After the election, 'Global Britain' is going local
Asia may have to wait some time for new trade deals with London
British politicians and citizens are trying to figure out the consequences of Prime Minister Theresa May's humiliation in an election she called to strengthen her mandate to negotiate Brexit. She campaigned very little on Brexit itself but rather on her own role, promising to lead "Global Britain" into a golden future. Instead, May's political authority and credibility now lie in ruins, her hardline Brexit stance is in tatters, and any global aspirations the government once harbored have been devoured by persistent local and parochial concerns that are likely to endure.
The general consensus is that May will be replaced by her own party sooner or later, adding to high levels of uncertainty that will linger for some time over parliament and the U.K. economy.
If Asia, among other regions, was expecting the election to hasten Brexit and drive a commercial and diplomatic British "pivot" toward the region, it is time for a rethink and not to expect any such thing to happen any time soon.
The political situation in the U.K. is fluid. While many predictions abound, none can be made with certainty. For the moment, May is prime minister and head of a minority government that is seeking support from 10 Northern Irish Protestant members of parliament to give the government a wafer-thin majority.
But the pact with the Ulster party may not last. The strengthened opposition Labour party might try to form a minority government at some stage. It is very likely there will be a new election, if not this year, then in 2018. A more radical left-wing Labour party might beat the Conservatives next time, but it is bedevilled by its own sharp left-right divisions and an ambiguous and confused stance on Brexit.
Against this uncertain backdrop, Brexit negotiations are scheduled to start on June 19. But the government's position for a hard Brexit, which means completely leaving the single market, customs union and jurisdiction of the European Court of Justice, has been dealt a blow by the election. Unprepared for Brexit and now in turmoil, the government's negotiation stance with the EU is unclear. The Conservative party needs to decide how to face down its own hard Brexit lawmakers and how to build a new consensus for an approach that might command support from other parties.
At the same time, it has to embrace serious negotiations with the EU, arrange for a lot of enabling legislation related to Brexit, manage the economy and restore its own confidence and cohesion. Without a parliamentary majority, these comprise Herculean tasks and will test the Conservative party's nerve and capacity for government.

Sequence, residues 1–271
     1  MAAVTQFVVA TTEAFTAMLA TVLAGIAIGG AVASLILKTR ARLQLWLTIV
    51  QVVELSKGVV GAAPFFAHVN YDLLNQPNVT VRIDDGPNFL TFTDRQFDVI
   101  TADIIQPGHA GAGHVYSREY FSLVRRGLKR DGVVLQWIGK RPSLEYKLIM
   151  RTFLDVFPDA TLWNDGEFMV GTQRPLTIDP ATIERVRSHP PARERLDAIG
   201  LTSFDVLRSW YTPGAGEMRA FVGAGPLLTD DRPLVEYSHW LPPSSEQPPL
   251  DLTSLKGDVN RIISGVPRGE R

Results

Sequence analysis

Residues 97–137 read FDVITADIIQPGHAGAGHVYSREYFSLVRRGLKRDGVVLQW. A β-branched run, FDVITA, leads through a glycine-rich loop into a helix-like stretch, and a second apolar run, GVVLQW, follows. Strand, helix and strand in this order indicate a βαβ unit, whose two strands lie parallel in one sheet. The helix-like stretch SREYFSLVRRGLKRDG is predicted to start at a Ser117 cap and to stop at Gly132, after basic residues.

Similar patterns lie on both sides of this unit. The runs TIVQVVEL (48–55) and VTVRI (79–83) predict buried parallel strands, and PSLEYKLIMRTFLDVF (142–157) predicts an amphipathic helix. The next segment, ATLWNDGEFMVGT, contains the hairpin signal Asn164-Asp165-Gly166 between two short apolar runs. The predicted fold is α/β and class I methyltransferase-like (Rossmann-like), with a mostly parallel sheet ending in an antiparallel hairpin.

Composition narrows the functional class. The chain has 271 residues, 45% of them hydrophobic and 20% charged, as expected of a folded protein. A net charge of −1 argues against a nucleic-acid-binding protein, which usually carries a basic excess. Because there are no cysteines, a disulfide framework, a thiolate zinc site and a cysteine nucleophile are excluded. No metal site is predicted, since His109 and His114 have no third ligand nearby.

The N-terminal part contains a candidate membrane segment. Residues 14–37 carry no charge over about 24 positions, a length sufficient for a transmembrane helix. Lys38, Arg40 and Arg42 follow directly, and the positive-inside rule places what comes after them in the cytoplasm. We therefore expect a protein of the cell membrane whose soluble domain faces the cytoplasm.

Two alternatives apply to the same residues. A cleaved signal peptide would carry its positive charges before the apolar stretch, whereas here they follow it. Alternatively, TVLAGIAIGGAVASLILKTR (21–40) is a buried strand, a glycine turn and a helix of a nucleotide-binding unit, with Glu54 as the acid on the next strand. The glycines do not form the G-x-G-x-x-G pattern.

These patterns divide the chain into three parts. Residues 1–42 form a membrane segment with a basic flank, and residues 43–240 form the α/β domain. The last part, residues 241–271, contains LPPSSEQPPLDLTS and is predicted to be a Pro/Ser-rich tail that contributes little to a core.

Economic troubles ahead
No political leaders can ignore the economy, which expanded by just 0.2% from the previous quarter, and 2% from a year ago. The annual growth rate is set to slow down sharply. It is most unlikely that the U.K. will match the high quarterly growth rates recorded during 2016, and so gross domestic product growth could easily slide to around 1.3%-1.4% by the end of 2017 and 1% in 2018.
Capital spending has been disappointing, showing little change in the overall level for about a year. Consumer spending looks quite stretched because inflation is eating away at sluggish incomes while the savings rate has fallen close to an all-time low. In other words, borrowing by households has maxed out. Political uncertainty is more likely to erode business and household confidence and delay important economic policies that might strengthen the U.K. economy's supply-side potential in the medium-term.
In May, the U.K. Chancellor of the Exchequer, Philip Hammond, flew to Beijing in the middle of the election campaign to attend China's Belt and Road Forum. He told the audience of 1,500 that the U.K. was a natural partner for China's new $1 trillion Silk Road program. He emphasized that with the U.K. leaving the EU, it would pursue ambitious free trade agreements with the rest of the world. The implication was that Asia would be high on London's priority list.
But a Britain that is consumed by political uncertainty and the enormity and complexity of Brexit is not about to become self-confident and assertive in its search for foreign partners. The Brexit process will be time consuming and perhaps fractious. If disunity and indecision prevail, the U.K. could end up with a hard Brexit anyway as it leaves the EU without agreement on the nature of a new relationship.
At the other extreme, Brexit may become a sort of mirage, always close but just out of reach. Or there may be a second referendum or a new election to decide the issue. Previously rejected compromises that might allow the U.K. to retain stronger economic and trading links to the EU by joining the European Economic Area could also resurface.
It is this new and politically unsettling background that is going to preoccupy politicians, businesses, households and markets for the foreseeable future. It did not seem plausible that the government's "Global Britain" image was going to match the hype before the election and it is less so today.
From an Asian perspective, Britain's will and capacity to develop deeper business and diplomatic relations may come into their own again, but right now, it is local Britain and little more than that.
George Magnus is an associate at Oxford University's China Centre and former chief economist at UBS.